It seems to me, if your ultimate goal is to get on television, there’s never been a better time to be a sketch comedian. Thanks to sites like YouTube — which thrive on the sort of bite-size videos that line up nicely with the rhythms of sketch comedy — funny folks can hone their craft online while building a big enough fan base to maybe compel a network to offer them a show. Comedy Central is the most obvious basic cable landing spot, but IFC has emerged in recent years as a haven for offbeat humor. That includes The Birthday Boys, which is characteristically uneven, but boasts an impeccable TV sketch comedy pedigree.
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    Grace Kelly Collection

    Posted in Disc Reviews by John Ceballos on August 6th, 2014

    “Few screenwriters could’ve invented the story of Grace Kelly.”

    I don’t think it’s a stretch to say there’s never been a movie star quite like Grace Kelly. Within the space of just 11 films, the actress won an Oscar and starred in a handful of bona fide classics on her way to becoming Hollywood royalty. Of course, the reason Kelly made less than a dozen films and retired from acting at the ripe old age of 26 is because she became *actual* royalty after marrying Prince Rainier III of Monaco.
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    Divergent (Blu-ray)

    Posted in Disc Reviews by Brent Lorentson on August 5th, 2014

    “You’re different. You don’t fit into a category. They can’t control you. They call it Divergent.”

    In the wake of Hunger Games and Twilight studios have been snatching up the rights to young adult fiction and gearing up for franchises, all in the name of capturing the hearts and wallets of the legions of fans of these book series.  Though there have been a few hits, the failures have been plentiful i.e.: City of Bones, The Host, and The Vampire Academy.  As a guy approaching his mid-thirties, it’s safe to say I’m nowhere near being the target audience for this film, but call me crazy, I actually dug it.
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    Legendary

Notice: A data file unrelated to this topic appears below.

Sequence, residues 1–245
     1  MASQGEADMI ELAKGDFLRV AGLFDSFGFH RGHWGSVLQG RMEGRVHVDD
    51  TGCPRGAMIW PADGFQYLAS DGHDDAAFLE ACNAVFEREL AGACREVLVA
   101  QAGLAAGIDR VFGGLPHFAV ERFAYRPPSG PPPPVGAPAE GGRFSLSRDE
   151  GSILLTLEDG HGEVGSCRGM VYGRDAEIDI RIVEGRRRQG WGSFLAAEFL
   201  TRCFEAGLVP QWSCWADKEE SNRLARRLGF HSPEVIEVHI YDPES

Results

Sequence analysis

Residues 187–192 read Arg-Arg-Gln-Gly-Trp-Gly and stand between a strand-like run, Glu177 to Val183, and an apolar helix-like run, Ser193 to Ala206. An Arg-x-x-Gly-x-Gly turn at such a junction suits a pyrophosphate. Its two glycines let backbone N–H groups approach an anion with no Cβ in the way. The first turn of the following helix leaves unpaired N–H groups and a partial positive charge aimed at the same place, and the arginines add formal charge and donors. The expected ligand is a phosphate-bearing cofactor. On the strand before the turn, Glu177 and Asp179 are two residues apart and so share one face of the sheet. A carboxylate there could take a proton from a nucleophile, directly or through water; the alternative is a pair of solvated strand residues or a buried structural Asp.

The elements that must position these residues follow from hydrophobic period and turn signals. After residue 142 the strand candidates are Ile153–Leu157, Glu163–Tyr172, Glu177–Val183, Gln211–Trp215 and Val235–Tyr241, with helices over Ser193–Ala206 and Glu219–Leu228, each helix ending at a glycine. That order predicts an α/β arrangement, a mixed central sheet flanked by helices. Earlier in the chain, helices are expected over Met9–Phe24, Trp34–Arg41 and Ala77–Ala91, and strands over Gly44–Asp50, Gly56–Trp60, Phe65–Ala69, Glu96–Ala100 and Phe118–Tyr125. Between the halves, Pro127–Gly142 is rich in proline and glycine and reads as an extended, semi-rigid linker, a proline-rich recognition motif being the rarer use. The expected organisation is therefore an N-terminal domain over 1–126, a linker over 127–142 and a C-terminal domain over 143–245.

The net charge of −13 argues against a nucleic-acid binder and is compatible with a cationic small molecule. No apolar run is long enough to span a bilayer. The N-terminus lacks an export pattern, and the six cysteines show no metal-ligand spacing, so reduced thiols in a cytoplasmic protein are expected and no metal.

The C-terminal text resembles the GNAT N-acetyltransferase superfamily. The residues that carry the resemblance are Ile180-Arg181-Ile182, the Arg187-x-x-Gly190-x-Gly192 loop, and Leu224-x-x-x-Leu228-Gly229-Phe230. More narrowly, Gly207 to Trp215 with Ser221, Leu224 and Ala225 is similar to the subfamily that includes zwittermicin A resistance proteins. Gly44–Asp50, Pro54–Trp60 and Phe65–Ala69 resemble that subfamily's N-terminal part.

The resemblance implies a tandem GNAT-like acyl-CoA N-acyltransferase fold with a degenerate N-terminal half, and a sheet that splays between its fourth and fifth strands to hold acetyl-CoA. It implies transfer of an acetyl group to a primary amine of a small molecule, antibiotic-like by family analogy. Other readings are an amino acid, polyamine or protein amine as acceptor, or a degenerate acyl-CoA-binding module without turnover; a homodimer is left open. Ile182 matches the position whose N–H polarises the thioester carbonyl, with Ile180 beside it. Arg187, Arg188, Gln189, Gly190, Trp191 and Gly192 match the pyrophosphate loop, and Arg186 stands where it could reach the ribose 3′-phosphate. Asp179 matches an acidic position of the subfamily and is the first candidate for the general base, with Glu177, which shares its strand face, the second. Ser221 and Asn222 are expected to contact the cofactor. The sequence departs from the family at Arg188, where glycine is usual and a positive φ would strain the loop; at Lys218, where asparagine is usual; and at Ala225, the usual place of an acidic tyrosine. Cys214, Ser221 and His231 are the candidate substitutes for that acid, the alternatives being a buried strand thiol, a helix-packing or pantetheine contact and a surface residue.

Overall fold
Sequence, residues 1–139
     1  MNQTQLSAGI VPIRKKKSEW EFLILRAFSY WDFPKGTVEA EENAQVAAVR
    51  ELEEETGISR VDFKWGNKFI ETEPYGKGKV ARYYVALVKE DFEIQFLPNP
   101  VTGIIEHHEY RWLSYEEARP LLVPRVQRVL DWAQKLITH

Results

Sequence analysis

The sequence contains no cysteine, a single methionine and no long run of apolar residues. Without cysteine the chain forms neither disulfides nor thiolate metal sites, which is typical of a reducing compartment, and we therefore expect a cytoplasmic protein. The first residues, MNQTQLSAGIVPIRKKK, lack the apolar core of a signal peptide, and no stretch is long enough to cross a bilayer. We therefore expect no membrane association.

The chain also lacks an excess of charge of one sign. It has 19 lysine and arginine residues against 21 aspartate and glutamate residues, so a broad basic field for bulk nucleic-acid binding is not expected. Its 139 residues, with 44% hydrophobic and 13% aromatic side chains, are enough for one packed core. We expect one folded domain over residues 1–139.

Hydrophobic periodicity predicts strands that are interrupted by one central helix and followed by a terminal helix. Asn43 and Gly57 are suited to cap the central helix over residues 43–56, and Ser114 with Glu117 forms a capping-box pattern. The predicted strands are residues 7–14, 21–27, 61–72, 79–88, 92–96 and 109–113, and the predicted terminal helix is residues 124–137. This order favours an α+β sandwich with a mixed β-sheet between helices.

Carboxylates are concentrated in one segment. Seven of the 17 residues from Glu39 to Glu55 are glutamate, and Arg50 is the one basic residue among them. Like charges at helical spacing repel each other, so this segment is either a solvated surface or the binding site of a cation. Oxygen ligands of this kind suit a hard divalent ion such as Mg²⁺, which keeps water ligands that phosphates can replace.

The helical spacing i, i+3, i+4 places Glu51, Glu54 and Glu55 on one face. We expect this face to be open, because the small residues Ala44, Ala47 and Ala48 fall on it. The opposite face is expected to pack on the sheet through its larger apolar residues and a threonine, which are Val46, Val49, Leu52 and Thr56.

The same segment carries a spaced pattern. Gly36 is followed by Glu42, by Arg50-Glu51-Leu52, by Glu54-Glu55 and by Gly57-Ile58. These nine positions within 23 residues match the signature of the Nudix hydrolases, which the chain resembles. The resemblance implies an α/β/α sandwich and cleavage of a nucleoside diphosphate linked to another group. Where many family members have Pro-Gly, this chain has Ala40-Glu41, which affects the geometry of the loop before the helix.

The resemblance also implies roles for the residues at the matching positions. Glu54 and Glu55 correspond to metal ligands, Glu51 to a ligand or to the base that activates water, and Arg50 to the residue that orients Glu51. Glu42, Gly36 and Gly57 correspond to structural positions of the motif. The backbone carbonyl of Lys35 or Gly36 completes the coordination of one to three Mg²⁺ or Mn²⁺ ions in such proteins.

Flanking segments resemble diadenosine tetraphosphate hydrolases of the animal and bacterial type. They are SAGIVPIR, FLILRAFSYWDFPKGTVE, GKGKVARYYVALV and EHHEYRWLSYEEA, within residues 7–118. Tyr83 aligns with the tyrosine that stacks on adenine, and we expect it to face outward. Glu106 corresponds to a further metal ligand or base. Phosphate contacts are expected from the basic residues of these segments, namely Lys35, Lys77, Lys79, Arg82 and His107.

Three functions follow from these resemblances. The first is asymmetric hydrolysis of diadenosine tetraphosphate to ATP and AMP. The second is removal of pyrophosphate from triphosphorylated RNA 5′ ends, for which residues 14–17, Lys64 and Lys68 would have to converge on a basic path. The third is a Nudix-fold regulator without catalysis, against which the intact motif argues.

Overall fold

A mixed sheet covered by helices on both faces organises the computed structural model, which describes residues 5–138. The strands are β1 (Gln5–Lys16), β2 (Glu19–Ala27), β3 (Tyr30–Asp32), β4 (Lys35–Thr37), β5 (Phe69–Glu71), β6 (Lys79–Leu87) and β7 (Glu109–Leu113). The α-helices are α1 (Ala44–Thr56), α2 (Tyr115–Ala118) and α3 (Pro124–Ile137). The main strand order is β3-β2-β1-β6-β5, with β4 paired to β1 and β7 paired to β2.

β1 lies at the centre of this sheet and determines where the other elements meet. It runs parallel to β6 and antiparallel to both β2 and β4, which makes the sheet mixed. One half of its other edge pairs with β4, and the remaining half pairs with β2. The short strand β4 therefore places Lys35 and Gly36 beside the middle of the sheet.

Posted in Disc Reviews by Brent Lorentson on August 4th, 2014

    When it comes to films with Dolph Lundgren, let’s face it: you know before it even starts there is no chance of this movie having what anyone would call an “inspiring performance.” Thankfully Lundgren seems to understand the limits of his abilities and tends to stick with the run-of-the-mill action/adventure films that seem to go direct to DVD.
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    Hell on Wheels: Season 3 (Blu-ray)

    Posted in Disc Reviews by Gino Sassani on July 31st, 2014

    “Make no mistake. Blood will be spilled. Lives will be lost. Fortunes will be made. Men will be ruined. There will be betrayal and scandal and perfidy of epic proportions.”

    With a statement like that, how can you not want to check out AMC’s newest drama series Hell On Wheels? I’ve been told the title sounds like it’s about motorcycle gangs, and I couldn’t agree more. The term refers to the mobile tent city that housed the workers on the Union Pacific Railroad and the support entourage the camp attracted. It was a virtual tent city that had all of the essentials: a church, bar, and whorehouse.
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    Lullaby

    Posted in Disc Reviews by John Ceballos on July 31st, 2014

    The impending death of a loved one tends to dredge up a complex mix of emotions. (Unfortunately, I speak from relatively recent personal experience.) In addition to the obvious sadness, there can be guilt, resentment, anger, relief, and other sentiments that combine to create a messy stew of feelings. Putting those feelings on the page or on a screen is an emotional minefield, since you risk veering jarringly from one tone to the next. The task becomes even trickier when you attempt to introduce humor into the equation. Lullaby stumbles over a few of those mines, but is otherwise a well-acted, modestly-affecting dramedy.
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    Noah (Blu-ray)

    Posted in Disc Reviews by John Ceballos on July 30th, 2014